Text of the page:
Bald Eagle memorial, which was ordered accordingly, His desire, Mr. Mck. said, was to reply to the question

BALTIMORE PROCEEDINGS. of the gentleman from Massachusetts distinctly. As far as he knew, the people of the counties with which he Mr. CHAMBERS rose and said, he was requested by was acquainted (although he unfortunately differed with the officers of a large public meeting just held by the them on some points) were much dissatisfied with the re- whigs of Baltimore, to present its proceedings to the moval of the public deposites. There was much discon- Senate. The meeting was held in consequence of the tent, and he believed that the people were against the invitation of the President in his appeal to the people-administration for its late measures, though they attribu- they had maturely considered it, and passed sentence ted them only to error of judgment. He did not mean to upon the various questions which were the

subject matter be understood, Mr. Mck. said, as conveying the idea that of it, and now, here it was in the shape of a special verthe people of Pennsylvania were opposed to the Execu- dict, in which the people of Baltimore bave set forth tive; he only meant that they were generally opposed to their opinions. The gentleman from Tennessee (Mr. the removal of the deposites, which they attributed, as GuUNDY] might suppose that this allusion to whig prinbefore said, to error.

ciples, implied the opposite of it in his party, and that Mr. WEBSTER said he did not ask what were the this coverlet or blanket was not broad enough to insentiments of the people of Pennsylvania, whether they clude us all; but, at all events, they were so well satisfied were for or against the administration. But he simply with this covering, that they did not mean to be disasked whether they disapproved of the recent measures robed of it. Mr. c. then commented at large on the of the Executive, and he now understood that they gen- President's protest, condemning the doctrines contained erally did. He was obliged to the gentleman for his can- in it. He alluded to the Panama mission, and the opindid answers, and he thought that they would produce a ions communicated to the Senate by Mr. Adams, when good effect.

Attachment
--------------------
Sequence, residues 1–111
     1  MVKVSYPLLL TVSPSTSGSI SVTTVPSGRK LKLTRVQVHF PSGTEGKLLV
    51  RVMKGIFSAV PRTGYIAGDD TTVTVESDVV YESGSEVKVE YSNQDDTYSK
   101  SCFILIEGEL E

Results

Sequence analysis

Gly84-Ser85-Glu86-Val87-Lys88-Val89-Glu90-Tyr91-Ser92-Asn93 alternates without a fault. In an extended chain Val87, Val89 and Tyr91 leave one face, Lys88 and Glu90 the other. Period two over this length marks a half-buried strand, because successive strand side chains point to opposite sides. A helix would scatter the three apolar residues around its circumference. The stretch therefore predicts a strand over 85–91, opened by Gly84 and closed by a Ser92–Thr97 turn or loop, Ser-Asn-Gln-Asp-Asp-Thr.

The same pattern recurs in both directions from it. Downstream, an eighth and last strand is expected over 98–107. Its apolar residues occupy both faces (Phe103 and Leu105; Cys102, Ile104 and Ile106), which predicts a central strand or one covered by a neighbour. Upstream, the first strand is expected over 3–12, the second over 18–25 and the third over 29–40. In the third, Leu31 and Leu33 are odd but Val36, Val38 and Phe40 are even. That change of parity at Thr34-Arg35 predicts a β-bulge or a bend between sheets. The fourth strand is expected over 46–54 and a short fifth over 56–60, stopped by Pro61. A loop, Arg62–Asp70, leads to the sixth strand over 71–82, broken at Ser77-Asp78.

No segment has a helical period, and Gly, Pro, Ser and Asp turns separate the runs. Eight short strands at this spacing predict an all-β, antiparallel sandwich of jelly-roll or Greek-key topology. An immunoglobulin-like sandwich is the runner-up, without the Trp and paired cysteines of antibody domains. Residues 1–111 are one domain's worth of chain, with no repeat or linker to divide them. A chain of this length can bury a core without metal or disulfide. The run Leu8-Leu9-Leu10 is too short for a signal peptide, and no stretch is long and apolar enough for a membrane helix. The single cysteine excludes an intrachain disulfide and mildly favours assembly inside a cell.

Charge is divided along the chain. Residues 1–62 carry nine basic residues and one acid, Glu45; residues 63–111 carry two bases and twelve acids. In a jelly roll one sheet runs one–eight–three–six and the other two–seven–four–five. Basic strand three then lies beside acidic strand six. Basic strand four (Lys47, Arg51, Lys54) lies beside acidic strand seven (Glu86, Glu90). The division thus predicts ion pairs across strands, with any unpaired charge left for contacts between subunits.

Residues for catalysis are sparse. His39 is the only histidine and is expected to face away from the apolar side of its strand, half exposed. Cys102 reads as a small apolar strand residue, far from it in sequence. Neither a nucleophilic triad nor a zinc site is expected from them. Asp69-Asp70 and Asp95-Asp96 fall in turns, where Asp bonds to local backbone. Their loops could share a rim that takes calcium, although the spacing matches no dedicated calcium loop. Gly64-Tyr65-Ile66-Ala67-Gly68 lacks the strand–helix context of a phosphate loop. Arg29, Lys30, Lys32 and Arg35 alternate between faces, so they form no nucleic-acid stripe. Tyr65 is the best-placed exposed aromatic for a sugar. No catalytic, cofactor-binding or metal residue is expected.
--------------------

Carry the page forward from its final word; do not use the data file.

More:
President, of his power to send a minister there in the The memorials were then referred, and ordered to be recess, and that gentlemen who now sustained the adminprinted.

istration, condemned those opinions. Mr. CLAY said, that he rose to present a memorial, Mr. C. concluded by moving that the proceedings be which would neutralize the resolutions last offered by the read, and take the usual reference. Senator from Pennsylvania, (Mr. McKean,) adopted at a Mr. GRUNDY said he had carefully abstained from saymeeting in Northampton county, in Pennsylvania. By-ing any thing in the discussions upon these memorials. the-by, those resolutions charge the existence of a coali. His constituents had sent none here, and he was inclined tion in this Senate. There can be no coalition more to leave them to the expression of their own sentiments chequered or mosaic, than that which is implied by the in their own time and way. He was now called up for denomination assumed by the meeting which passed those sentiments delivered on another occasion, and he regretresolutions. They call themselves Democratic Republi- ted to find his opinions questioned on the presentation of can, Jackson, Wolf meeting. He should be glad to know a bank memorial. Between himself and the gentleman what that meant?—what system of policy, or politics, it from Maryland, (Mr. CHAMBERS,) the same feeling exist, implied?